‘Do I need to call 911? Are you OK?’
While on patrol on a spring night in 1999, Officer Ike VanHorn of the Greenville Public Safety Department heard a call over the radio that would forever change his life.
And, perhaps, save it.
“We had a report of somebody from Belding coming to Greenville with a shotgun in his car to confront his girlfriend,” VanHorn recalled recently.
VanHorn located the car and tried to pull it over, but the driver sped off into a nearby field.
“We drove across the field and finally the car stopped,” VanHorn said. “He got out and we got into a wrestling match. Another deputy showed up.”
Together, they cuffed the Belding man and put him in the back of the squad car.
It’s been a whole different world for me. …I’ve been able to do things I haven’t been able to do in 10 years.
The criminal had been apprehended, but the way VanHorn’s heart felt caused immediate apprehension.
No matter how hard he tried, VanHorn couldn’t catch his breath. He leaned against the car. The other deputy noticed his struggles.
“I had a real tight feeling in my chest,” VanHorn said. “Years ago I was an EMT, so I knew something was wrong. The pain went away after a few minutes, but I knew what it was because of the training I had had.”
He did the smart thing and immediately saw his doctor. He failed the stress test.
Two days later he underwent triple bypass open heart surgery at Spectrum Health Fred and Lena Meijer Heart Center in Grand Rapids, Michigan.
“They said I caught it early enough,” said VanHorn, who went through cardiac rehab at Spectrum Health United Hospital in Greenville. “I recovered fine and was able to work for another year and a half, then I decided to retire. I was old enough and had enough time in.”
And in the back of his mind, he didn’t know how much time he had left.
‘He could hardly breathe’
As the years rolled on, VanHorn developed more heart issues. He raised horses on the side, but his breathing and weakness got so bad he had to sell all his livestock.
He and his wife, Jennifer, thought they would have to sell their farm because of VanHorn’s declining health.
“It got to the point where I could hardly do anything without having chest pain,” VanHorn said. “I didn’t have any strength. I just couldn’t do anything. Weeds were taking the place over, grapevines were growing all over the barns. I thought I would have to sell the place and move back into town.”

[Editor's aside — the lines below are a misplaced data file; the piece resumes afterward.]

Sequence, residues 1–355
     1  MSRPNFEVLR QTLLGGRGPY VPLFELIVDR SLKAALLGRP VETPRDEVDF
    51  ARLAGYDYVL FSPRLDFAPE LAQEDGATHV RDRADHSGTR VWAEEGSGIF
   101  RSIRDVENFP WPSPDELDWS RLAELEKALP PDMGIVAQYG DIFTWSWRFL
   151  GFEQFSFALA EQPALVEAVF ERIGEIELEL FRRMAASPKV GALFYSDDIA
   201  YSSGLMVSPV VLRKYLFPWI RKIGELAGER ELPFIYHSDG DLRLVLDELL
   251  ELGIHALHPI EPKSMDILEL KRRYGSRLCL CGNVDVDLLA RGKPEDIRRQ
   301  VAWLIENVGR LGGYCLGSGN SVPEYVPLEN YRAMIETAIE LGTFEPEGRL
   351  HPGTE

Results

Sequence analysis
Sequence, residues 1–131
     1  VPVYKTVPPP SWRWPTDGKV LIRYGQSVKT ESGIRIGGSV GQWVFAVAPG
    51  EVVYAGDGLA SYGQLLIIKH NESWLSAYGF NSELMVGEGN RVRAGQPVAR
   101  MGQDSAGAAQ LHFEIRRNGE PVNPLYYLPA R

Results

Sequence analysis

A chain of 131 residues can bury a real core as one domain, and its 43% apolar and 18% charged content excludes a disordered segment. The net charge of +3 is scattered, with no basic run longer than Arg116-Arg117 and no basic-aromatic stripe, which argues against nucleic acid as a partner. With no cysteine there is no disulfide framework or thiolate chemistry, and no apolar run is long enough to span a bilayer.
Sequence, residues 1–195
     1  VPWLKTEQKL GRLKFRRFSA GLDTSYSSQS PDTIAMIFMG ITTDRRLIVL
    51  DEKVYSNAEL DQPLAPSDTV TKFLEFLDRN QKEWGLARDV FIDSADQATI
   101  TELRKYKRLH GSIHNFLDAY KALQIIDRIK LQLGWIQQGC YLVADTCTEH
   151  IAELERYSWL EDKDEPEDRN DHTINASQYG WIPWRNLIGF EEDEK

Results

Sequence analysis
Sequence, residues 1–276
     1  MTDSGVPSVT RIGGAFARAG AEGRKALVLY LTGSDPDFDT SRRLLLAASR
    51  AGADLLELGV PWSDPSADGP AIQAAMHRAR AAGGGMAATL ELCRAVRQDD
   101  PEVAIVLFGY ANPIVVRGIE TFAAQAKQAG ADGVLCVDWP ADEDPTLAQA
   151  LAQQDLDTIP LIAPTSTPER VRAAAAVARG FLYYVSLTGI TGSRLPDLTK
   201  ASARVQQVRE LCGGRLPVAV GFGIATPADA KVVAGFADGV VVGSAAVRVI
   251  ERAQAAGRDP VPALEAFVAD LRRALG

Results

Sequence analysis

Jennifer said she feared for his life every time he’d step outside.
“Walking out to the mailbox, you wondered if he was going to have the breath to make it back,” she said of her husband of 49 years. “There were so many times he would walk in and I would look at him and say, ‘Do I need to call 911? Are you OK?’ It was often. He could hardly breathe. He couldn’t speak, the look on his face, you just knew it wasn’t right.”
On April 5, 2015, VanHorn underwent his second open heart surgery and two more bypasses.
Then, he hit the cardiac rehab center three times a week for a couple of months.
He’s a changed man.
“It’s been a whole different world for me ever since,” he said. “The second surgery really did the job for me. I’ve been able to do things I haven’t been able to do in 10 years. In fact, right now I’m out in my workshop building things.”
VanHorn, 74, knows he’s the lucky one in the family.
All the men on his father’s side of the family died of heart attacks or diabetes before they reached age 60.
VanHorn is following the diabetic tradition, too, diagnosed before the age of 40.
“It’s been a long battle with it, but right now it’s pretty under control,” he said. “You have to really watch what you eat. It’s a horrible disease.”
But with a special diet, along with his most recent surgery and cardiac rehab, VanHorn feels like he’s back in the saddle again.
“Rehab inspired me, not only physically but mentally,” VanHorn said. “It’s hard to explain the ups and downs you go through after a major surgery. The therapists take you under their wings and you come out of there feeling really good. I feel like I owe those girls (therapists) so much. They really got me back to where I needed to be.”
A life resumed
VanHorn’s farm is back in pristine condition. In fact, there’s very little that he can’t do these days.
“It’s been such a turnaround,” he said. “I’m able to take care of everything that has to be done now. I feel so fortunate it turned out as well as it did. I don’t know how many years I’ve got left, but I know one thing, my quality of life has really improved.”
Jennifer said they’re able to do so much more now as a couple.
“It’s been wonderful,” she said. “Before, he would just sit in a chair. Now, if we want to go shopping or walking someplace, we can do it.”
Amber Strachan, a registered nurse with United Hospital’s Cardiac and Pulmonary Rehab, said she’s impressed with VanHorn’s dedication to the program.
“Ike remained positive throughout his rehabilitation journey and was a delight to have in our program,” Strachan said. “He encouraged other patients with his positive outlook and challenged himself during his exercise sessions.”
Best of all, Strachan said, VanHorn’s life resumed.
“He was working toward returning to his recreational activities and having the confidence that he could safely do this,” Strachan said. “He accomplished his goal.”